'WTO sees 9% global trade decline in 2009 as recession strikes'


According to the words of Director-General Pascal Lamy, "trade can prove to be a potent tool in lifting the world from the economic doldrums. In London G20 summit, leaders will have a unique opportunity to unite in moving from pledges to action and refrain from any further protectionist measure which will render global recovery efforts less effective".


As per the forecast of WTO economists, the collapse in global demand brought on by the biggest economic downturn in decades which will drive exports down by roughly 9% in volume terms in 2009, the biggest such contraction since the Second World War. The contraction in developed countries will be particularly severe with exports falling by 10%. In developed countries (which are considered to be far more dependent on trade for growth), exports will be shrink by 2% to 3%. Economic contraction in most of the industrial world and steep export declines already posted in the early months of this year by most major economies-particularly those in Asia-makes for an unusually bleak 2009 trade assessment, said the WTO in its annual Assessment of global trade.


Signs of the sharp deterioration in trade were evident in the latter part of 2008 as demand sagged and production slowed. Although world trade grew by 2% in volume terms for the whole of 2008 it tapered off in the last six months and was well down on the 6% volume increase posted in 2007.


"For the last 30 years trade has been an ever increasing part of economic activity, with trade growth often outpacing gains in output. Production for many products is sourced around the world so there is a multiplier effect- as demand falls sharply overall, trade will fall even further. The depleted pool of funds available for trade finance has contributed to the significant decline in trade flows, in particular in developing countries," said Director-General Pascal Lamy. He further said that as a consequence, many thousands of trade related jobs are being lost. Governments should avoid making this bad situation worse by reverting to protectionist measures, which in reality protect no nation and threaten more number of job losses. We are carefully monitoring the trade policy developments. He commented on the usage of protectionist measures, which is on rise, and further risk is increasing of such measures that are choking off trade as an engine of recovery. The need of an hour is to be vigilant because the restrict imports only leads your partner to follow suit that hit exports. Trade can prove to be a patent as well as potential tool in lifting the world from economic doldrums.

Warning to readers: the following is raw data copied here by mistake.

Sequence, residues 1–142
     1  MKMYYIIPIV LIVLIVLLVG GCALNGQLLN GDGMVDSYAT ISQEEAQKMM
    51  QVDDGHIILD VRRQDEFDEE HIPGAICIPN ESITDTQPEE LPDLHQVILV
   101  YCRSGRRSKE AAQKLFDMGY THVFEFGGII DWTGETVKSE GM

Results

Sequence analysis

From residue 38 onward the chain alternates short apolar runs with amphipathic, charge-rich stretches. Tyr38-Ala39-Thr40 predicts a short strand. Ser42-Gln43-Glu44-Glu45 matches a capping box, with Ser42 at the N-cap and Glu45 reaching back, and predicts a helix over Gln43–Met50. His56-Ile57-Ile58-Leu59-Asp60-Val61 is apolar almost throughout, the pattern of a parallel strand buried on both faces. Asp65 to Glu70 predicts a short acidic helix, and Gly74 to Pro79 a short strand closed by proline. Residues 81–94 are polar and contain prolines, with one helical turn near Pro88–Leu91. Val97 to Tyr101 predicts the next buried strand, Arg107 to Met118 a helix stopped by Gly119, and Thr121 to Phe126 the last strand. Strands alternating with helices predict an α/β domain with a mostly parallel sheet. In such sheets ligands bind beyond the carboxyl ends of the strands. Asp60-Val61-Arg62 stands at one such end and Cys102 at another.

Financial crisis sparks downturn


Following the dramatic worsening of the financial crisis since September of last year, real global output growth slowed to 1.7%, compared to 3.5% in 2007, and is likely to fall by between 1% and 2% in 2009. This is the first decline in total world production since the 1930s, and its impact is magnified in trade. But WTO economists warn that the extraordinary turbulence of world markets in recent months and the continued uncertainty about the near-term trajectory of the global economy makes gauging the preliminary 2008 trade estimates and 2009 projections unusually difficult.


The WTO's preliminary estimate of 2% growth in world trade volume for 2008 is substantially lower than the forecast of 4.5% growth issued a year ago. However, last year's outlook did identify significant downside risks related to developments in financial markets. A large part of the explanation for the over-estimation was the unexpected and very sharp drop in global production in the fourth quarter of 2008.


Trade prospects for 2009


If this basic scenario holds, world merchandise trade is likely to fall some 9% in volume terms in 2009 (i.e., where price changes have been removed from the calculation), with developed economy exports falling by some 10% on average and developing country exports shrinking by 2-3%.


Trade prospects for 2009 are heavily conditioned by the financial crisis that began almost two years ago in the United States. The crisis intensified dramatically following the collapse of the Wall Street investment bank Lehman Brothers in September of last year, and the government-led rescue of a number of financial institutions in the United States and elsewhere. Turmoil in the financial sector and acute credit shortages spread inexorably to the real sector. Declining asset prices, faltering demand and falling production translated into dramatically reduced and in some cases negative production and trade growth in many countries. Trade has also been affected adversely by a sharp shrinkage in credit to finance imports and exports.